Julidochromis Dickfeldi Stats InfographicJulidochromis dickfeldi is a species of family Cichlidae living in the southwestern regions of Lake Tanganyika.

They are one of the common Julies in the aquarium hobby. We dug details about the stats and collected information from professional fish keepers on how to take care of Dickfeld’s Julie in the aquarium.

This article is a one-stop place for everything you need to know about these Julies as a fish enthusiast.

Quick Stats

Common names Dickfeld’s Julie, Brown Julie, Blue Julie, White top, and Midnight Blue
Distribution Southwestern side of Lake Tanganyika in Africa
Fish Size 4.3 inches | Females are usually larger after maturation
Aquarium Temperature 73 to 80 F
Tank Compatibility Tanganyikan cichlid tank only
Aquarium Hardiness Moderately Hard, alkaline conditions | pH: 8.0-9.0, dH: 15-25 degrees
Aquarium Size At Least 20 gallons

Scientific Classification

Kingdom Animalia
Phylum Chordata
Class Actinopterygii
Order Perciformes
Family Cichlidae
Genus Julidochromis
Species dickfeldi

What Are the Body Forms and Colors of this fish?

If you are interested in having these African Cichlids in your aquarium, you must be keen to know about their body forms and colors. With an elongated slender body, the Julidochromis dickfeldi size reaches a maximum of 4.3 inches with a pointed snout and a large dorsal fin at the front. Like other Cichlids, they have one nostril on each side to smell the water.

The color of their body ranges from silver to golden or light brown, and blue. Each side has three horizontally dark stripes with three small horizontal lines on the forehead as well. With proper care, the Julidochromis dickfeldi lifespan can reach up to seven years.

  • Body shape: Slender, elongated body with large dorsal fin and snout
  • Color: silver, golden or light brown, blue; horizontal stripes on sides and forehead
  • Lifespan: seven years with proper care

Julidochromis Dickfeldi Breeding

Dickfelds julie or julidochromis dickfeldiOne of the most important things to learn for fish enthusiasts is about successful tank breeding. For starters, your tank’s environment should be moderately hard with alkaline water of a pH of around 8.5 – 9.2, dGH of 8 – 14 degrees, and temperature between 77-79 F.

Dickfeld’s Julie becomes capable of breeding after one year. They prefer cave spawning and form monogamous pairs to lay eggs.

The easiest way to get a good breed is to put a few young Brown Julies in the tank and wait for them to form pairs and practice spawning. As mentioned above, the Brown Julies are cave spawners, so you can put rocks or planting pots to make caves for them to breed.

Interestingly, you will notice that the male will mark territories once the pair is formed. It is necessary to keep this territory intact for the pair as their bonding is more connected to the territory than each other.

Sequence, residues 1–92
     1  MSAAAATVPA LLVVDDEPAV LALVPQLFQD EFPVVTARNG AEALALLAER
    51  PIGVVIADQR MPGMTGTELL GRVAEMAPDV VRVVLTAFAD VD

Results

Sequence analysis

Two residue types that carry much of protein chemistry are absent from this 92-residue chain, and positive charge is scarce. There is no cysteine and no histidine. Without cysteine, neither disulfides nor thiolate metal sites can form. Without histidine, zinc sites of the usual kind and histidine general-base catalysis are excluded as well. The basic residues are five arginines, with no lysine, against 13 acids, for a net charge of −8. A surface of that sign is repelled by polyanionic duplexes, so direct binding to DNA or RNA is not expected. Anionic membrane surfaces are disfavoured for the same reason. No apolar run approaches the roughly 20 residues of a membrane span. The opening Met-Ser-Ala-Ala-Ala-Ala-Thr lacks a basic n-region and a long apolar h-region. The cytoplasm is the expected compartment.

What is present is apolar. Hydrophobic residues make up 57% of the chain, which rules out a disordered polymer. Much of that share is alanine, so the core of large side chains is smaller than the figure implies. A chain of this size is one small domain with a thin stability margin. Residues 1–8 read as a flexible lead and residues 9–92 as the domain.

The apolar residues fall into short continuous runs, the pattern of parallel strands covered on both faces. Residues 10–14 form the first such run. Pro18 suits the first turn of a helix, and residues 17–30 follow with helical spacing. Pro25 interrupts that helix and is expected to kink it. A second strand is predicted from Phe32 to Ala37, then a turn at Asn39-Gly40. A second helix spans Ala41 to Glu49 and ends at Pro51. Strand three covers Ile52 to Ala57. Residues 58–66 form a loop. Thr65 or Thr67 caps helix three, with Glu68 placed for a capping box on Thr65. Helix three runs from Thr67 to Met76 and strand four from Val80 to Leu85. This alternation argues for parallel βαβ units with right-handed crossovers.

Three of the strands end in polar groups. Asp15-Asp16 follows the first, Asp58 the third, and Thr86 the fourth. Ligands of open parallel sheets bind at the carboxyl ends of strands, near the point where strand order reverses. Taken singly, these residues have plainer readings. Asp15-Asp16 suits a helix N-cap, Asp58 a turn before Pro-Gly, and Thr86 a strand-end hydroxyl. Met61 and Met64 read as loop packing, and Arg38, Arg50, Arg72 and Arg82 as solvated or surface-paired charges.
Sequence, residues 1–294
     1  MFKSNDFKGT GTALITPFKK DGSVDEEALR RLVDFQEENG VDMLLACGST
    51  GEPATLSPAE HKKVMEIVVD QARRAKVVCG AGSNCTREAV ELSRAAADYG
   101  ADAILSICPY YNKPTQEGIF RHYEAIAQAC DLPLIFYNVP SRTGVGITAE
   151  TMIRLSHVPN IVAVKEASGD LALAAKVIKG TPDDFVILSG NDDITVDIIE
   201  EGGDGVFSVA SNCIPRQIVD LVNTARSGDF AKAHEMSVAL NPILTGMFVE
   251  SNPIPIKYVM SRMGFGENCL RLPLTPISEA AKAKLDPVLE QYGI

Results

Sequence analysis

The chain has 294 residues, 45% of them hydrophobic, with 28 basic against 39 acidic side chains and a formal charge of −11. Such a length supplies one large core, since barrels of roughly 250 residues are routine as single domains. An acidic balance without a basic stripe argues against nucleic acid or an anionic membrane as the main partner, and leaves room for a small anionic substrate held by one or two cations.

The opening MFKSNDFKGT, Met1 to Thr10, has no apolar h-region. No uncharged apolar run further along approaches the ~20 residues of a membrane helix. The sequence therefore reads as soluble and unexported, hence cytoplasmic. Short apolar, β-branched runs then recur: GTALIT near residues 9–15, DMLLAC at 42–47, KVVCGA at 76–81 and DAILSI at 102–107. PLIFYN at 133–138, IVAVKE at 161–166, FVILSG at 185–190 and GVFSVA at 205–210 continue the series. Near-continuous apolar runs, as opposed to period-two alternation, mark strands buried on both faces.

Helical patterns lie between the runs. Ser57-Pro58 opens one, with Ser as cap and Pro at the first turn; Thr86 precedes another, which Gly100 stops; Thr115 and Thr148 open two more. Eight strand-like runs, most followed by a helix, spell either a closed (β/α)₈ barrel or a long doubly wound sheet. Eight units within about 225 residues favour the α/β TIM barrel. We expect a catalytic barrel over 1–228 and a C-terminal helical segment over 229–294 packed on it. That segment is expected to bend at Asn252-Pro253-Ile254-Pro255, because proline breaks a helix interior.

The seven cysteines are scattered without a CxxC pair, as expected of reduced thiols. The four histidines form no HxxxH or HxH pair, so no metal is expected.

If you have a smaller tank, you can remove the extras to avoid breaking bonds between the pair. The male and female spawning in the cave will give 35 to 50 eggs that will attach to the cave’s roof.

  • Temperature for breeding: 77-79 F
  • The average number of eggs: 35-50
  • Spawning needs: Intact territory, caves, bonding between male and female

Difficulties of Keeping Tank Mates

Although keeping Brown Julie is very easy even for beginner fish keepers, it is not a very friendly fish to breed in the presence of other tank mates, even of its genus and species. The care of the parents and fry in the same tank becomes a difficult task if the tank size is not large enough and the aquarist needs more breeding in the tank.

So keep in mind to shift the younger fry to a separate tank when they grow up to let the parents spawn again. The baby fry needs brine shrimps as food and some crevices to hide in the tank. Do not be too quick in shifting the baby fry as they are slow growers and need about four months to reach the size of 1 inch.

But remember, you have to be very careful while removing the babies as the nets can damage them.

Julidochromis dickfeldi are not at all comfortable with other Julies that look different from them. However, they can live with similar-sized Tanganyika Cichlids as tank mates.

  • Temperament: Aggressive
  • Compatibility:
  • Same Species: can live in pairs
  • Slow Swimmers and Eaters: consider them as a threat
  • Shrimps, Crabs, Snails: consider them as a threat, so it becomes aggressive
  • Plants: feels safe with plants in the tank

How to Take Care of Dickfeld’s Julie in the Aquarium?

– Optimum Aquarium Setup: